by James W. Abbott
“Never spend your money before you have it.” -Thomas Jefferson
It is difficult to develop disciplined and consistent financial habits towards achieving long-term retirement planning goals. I speak with my clients on a daily basis and find a lot of commonalities that separate them from their hard-earned money:
- Cost of living in New England
- “$3,500-$7,000 a month mortgage…”
- Saving for college fund
- “Is it really going to cost $250,000 to send my daughter to Stanford?”
- Aging family member living with them
- “Even with long-term care insurance, we are having trouble keeping up.”
- Having to celebrate Patriots, Bruins and Celtics Championships…
- “Our kids are spoiled!”
As a former professional hockey player, I had goals established early on in my life to move up the competitive ladder before ultimately reaching the professional ranks. I had to take my time and put the work in at every level: youth hockey, high school hockey, junior hockey (NAHL) and college hockey (UNH), before my invite to even tryout for the Pittsburgh Penguins.
Now as a financial advisor, I see myself more in the coaching role with my clients to keep them on track as their busy professional lives and schedules change rapidly! My goal is to create a solid financial foundation for my clients based on their unique situation and risk tolerance. With the start of a new year, January 2020, this is the perfect time to establish new goals to set you on your way to a satisfying retirement.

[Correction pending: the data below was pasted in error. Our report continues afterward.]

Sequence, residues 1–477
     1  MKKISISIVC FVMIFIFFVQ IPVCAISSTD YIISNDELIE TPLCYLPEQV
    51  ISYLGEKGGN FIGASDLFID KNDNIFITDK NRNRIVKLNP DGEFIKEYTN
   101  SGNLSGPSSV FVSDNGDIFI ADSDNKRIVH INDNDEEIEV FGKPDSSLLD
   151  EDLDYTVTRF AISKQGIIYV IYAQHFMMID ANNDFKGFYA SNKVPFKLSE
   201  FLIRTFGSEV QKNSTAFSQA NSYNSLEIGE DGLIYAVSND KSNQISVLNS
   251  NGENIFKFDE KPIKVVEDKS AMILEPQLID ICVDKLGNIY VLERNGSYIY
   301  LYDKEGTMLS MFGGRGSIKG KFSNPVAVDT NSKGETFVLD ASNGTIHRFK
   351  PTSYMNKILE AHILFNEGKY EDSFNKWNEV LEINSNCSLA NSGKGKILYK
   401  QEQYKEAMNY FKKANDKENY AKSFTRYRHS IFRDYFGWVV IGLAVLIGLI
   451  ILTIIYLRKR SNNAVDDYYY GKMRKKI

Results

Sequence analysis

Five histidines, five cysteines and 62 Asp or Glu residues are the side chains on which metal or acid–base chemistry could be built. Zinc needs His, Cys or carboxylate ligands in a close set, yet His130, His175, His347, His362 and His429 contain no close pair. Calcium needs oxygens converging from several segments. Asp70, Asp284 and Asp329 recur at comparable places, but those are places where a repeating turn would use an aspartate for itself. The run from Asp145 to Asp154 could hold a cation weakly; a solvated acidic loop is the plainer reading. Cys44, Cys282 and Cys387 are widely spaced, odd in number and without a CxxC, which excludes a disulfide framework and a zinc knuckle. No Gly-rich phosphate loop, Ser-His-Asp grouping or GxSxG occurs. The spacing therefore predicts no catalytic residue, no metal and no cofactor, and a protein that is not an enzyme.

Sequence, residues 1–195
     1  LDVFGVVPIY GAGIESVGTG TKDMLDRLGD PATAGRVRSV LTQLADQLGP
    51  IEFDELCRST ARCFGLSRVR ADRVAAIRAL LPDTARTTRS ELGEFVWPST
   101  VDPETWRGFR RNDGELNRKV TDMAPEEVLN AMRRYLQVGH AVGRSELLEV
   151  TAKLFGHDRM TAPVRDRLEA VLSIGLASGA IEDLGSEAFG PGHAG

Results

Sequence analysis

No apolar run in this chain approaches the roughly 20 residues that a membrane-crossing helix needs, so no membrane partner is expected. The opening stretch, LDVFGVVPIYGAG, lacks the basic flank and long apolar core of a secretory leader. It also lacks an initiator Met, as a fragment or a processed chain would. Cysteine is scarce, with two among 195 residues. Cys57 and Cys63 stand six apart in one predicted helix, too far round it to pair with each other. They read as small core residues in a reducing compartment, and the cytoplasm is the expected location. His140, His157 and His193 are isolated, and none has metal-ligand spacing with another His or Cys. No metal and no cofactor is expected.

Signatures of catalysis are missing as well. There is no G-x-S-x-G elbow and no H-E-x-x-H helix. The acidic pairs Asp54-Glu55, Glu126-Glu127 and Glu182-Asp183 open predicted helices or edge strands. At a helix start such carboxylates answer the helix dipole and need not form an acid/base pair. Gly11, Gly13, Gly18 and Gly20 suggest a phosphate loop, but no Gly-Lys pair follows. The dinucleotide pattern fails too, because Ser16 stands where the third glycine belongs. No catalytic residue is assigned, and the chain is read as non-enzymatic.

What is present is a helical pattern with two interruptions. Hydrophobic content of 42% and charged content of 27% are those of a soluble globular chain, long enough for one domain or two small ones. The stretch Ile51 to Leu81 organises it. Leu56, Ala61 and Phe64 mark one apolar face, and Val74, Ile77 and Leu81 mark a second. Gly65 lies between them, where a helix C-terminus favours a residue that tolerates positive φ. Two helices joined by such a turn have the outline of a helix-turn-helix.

Here are some key coaching points I like to discuss with my clients:
1. What are you contributing to your company 401(k) plan? And are you at least hitting the company match?
- 2020 IRS limits have been raised to $19,500 + $6,500 if over 50 years old.
- $57,000 max with employee contribution
2. What are your major liabilities? And, what are the interest rates at which they need repaid? Which one should you pay off first?
- Owe $20,000 at 1.99% on your car?
- Owe $400,000 at 3.45% on your mortgage?
- Owe $37,500 at 9.99% on credit card?
3. Do you have appropriate life insurance coverage? Have you considered long-term care insurance? Does your spouse have coverage?
- Also, is 2x your base salary for life insurance really enough to cover paying off your mortgage, getting kids to college, (income replacement) leaving money for your spouse to live on for the next 35+ years?
4. Have you considered consolidating your two previous 401(k) plans into your current employer plan or thought of an IRA?
- What funds are in the previous/current 401(k)?
- What are the fees associated with the plan?
- Do you have one concise login where you can see all of your assets/liabilities?
The list could go on much longer, depending on one’s personal situation, but the larger goal is to understand:
There’s no better time to take inventory of one’s financial life than the start of the year! Even if you discover that you’re already doing everything right, at least you’ll have the peace of mind that things are moving in the right direction toward a long-term goal. In studying your financial habits and developing a plan, you’ll have the peace of mind that your daily actions are contributing to long term achievement. Adopting a more proactive and intentional mindset around finances will likely pay dividends, literally and figuratively.
Having a trusted expert advisor during this process keeps individuals informed, motivated, and accountable.
James W. Abbott, AIF, PPC is vice president and financial advisor at Claro Advisors, LLC.